Effects of Coach-delivered Prompting and Performance Feedback on Teacher Use of Evidence-based Classroom Management Practices and Student Behavior Outcomes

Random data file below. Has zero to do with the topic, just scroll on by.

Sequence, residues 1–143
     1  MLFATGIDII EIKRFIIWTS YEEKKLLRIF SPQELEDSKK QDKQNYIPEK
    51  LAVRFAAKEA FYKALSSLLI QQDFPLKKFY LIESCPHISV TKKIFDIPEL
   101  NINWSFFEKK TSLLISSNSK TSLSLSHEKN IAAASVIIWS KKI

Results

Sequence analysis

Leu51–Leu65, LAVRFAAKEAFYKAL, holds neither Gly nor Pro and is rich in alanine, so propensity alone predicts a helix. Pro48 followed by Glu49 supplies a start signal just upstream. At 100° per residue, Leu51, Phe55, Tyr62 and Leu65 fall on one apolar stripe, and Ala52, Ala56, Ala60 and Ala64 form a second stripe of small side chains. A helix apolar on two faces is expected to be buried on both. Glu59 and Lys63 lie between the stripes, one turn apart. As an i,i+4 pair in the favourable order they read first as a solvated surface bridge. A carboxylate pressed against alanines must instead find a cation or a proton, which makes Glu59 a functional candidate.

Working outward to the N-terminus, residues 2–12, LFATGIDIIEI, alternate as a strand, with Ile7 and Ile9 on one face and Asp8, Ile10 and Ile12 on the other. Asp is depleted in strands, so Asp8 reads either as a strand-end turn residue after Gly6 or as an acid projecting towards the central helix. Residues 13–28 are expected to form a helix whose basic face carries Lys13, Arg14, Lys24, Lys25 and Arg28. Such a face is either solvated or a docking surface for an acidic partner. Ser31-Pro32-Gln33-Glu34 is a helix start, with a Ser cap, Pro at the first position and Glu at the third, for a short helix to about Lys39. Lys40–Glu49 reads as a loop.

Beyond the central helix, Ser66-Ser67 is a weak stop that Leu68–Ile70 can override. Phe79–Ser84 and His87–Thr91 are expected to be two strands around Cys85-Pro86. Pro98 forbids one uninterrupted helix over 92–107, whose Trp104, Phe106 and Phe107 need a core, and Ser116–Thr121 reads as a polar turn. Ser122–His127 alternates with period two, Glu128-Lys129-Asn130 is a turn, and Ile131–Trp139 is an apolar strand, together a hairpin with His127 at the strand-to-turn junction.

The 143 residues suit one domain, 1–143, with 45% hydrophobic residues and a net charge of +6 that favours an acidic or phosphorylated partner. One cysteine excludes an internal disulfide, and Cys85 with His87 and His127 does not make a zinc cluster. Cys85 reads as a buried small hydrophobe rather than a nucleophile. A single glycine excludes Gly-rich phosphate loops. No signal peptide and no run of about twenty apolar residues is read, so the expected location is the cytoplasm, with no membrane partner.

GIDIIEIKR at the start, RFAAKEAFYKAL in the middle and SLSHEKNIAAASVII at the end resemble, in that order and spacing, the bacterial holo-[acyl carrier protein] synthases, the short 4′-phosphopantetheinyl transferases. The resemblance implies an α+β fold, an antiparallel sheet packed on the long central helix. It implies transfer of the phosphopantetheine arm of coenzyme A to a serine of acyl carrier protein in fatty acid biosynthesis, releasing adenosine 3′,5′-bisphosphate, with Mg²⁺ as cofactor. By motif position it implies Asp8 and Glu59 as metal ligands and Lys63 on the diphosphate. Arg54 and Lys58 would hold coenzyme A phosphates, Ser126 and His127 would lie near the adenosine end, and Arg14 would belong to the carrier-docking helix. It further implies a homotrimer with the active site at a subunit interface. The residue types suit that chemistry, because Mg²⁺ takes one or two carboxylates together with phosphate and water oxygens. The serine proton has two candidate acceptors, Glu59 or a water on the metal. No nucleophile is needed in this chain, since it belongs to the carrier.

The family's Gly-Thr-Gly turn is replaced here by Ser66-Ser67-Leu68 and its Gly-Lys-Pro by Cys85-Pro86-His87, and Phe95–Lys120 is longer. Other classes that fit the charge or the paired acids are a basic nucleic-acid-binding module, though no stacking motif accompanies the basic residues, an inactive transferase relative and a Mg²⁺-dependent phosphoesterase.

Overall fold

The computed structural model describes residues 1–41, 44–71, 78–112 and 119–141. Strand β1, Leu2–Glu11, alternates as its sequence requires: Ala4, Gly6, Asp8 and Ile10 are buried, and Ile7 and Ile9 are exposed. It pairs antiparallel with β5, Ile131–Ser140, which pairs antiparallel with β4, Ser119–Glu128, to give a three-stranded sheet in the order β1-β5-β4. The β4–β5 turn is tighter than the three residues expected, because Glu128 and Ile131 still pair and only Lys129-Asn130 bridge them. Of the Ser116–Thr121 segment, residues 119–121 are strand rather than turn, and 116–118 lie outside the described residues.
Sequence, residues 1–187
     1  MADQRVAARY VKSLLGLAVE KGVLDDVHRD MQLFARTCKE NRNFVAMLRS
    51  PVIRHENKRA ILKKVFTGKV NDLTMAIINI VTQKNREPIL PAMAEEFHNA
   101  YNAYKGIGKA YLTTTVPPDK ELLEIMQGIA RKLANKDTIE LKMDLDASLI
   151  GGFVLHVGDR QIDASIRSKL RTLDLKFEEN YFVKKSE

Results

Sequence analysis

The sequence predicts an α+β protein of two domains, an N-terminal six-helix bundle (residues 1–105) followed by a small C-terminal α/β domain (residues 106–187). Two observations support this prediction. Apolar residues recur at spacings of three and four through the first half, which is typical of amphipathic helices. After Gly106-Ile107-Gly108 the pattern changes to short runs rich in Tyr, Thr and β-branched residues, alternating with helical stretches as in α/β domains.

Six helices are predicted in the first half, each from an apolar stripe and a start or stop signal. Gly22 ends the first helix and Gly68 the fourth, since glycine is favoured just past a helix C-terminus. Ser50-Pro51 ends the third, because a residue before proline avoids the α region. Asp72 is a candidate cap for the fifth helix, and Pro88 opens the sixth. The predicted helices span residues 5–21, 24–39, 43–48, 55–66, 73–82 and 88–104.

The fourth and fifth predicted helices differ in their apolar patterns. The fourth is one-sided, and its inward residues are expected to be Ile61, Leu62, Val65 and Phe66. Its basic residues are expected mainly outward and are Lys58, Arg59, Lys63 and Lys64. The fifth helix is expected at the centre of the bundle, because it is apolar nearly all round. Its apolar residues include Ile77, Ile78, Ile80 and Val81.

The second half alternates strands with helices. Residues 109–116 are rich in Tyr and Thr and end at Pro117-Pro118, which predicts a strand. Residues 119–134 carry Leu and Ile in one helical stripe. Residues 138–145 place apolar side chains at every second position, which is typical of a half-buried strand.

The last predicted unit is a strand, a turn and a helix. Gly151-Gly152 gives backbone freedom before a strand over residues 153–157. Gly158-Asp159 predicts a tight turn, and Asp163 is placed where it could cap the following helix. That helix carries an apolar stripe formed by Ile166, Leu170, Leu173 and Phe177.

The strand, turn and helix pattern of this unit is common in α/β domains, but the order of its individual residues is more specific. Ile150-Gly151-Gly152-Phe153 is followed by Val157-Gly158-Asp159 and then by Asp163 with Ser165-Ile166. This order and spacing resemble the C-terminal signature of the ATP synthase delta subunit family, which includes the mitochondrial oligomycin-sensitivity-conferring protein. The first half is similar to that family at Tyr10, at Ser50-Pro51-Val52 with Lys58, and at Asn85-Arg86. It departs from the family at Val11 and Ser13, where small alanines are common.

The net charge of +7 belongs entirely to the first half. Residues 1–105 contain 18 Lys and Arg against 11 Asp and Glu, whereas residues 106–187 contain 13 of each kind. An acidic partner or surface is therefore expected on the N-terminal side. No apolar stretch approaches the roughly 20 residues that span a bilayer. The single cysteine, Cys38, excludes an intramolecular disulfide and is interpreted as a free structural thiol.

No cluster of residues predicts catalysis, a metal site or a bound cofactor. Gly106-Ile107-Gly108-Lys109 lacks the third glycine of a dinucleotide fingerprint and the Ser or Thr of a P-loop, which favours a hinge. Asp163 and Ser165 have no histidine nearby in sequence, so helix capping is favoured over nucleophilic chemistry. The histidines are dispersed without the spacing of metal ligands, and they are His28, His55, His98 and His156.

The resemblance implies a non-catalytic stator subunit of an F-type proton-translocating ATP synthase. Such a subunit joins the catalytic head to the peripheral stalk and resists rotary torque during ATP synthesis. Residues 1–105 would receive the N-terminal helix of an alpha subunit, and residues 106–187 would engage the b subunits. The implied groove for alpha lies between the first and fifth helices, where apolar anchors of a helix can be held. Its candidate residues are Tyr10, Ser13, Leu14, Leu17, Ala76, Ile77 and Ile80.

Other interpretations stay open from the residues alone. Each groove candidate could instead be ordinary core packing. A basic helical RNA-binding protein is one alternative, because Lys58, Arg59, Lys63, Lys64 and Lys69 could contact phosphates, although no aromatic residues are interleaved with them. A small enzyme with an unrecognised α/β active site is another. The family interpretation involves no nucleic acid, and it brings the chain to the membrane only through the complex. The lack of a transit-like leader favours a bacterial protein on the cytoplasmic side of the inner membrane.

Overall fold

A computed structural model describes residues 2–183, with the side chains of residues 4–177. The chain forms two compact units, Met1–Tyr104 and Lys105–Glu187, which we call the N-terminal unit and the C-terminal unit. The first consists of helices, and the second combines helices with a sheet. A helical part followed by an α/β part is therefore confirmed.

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Schools across the country are dedicating significant resources to the selection, adoption, and durable implementation of evidence-based practices (EBPs); however, the research-to-practice gap remains a significant challenge facing education today (DuFour & Mattos, 2013). Coaching is one of the implementation variables most consistently cited for improving the high-fidelity adoption of new practices. This study used two concurrent multiple baseline, single-case designs across participants with counterbalanced intervention phases to examine the effects of coaching on teachers’ use of evidence-based, class-wide behavior management practices. Specifically, the study examined the extent to which a functional relation exists between (a) coach-delivered prompting, (b) coach-delivered performance feedback, and (c) the interaction effects of coach-delivered prompting with performance feedback and an increase in teachers’ use of evidence-based classroom management practices and a decrease in class-wide disruptive behavior. Results indicate that coach-delivered prompting and performance feedback is functionally related to an increase in teacher use of evidence-based classroom management practices and a reduction in classroom disruption; however, no additional effects were observed when prompting and performance feedback were delivered together. Potential contributions of the study are discussed in terms of establishing a more nuanced understanding of the active ingredients of effective coaching to support the selection, training, evaluation, and ongoing support of coaches in K-12 educational settings.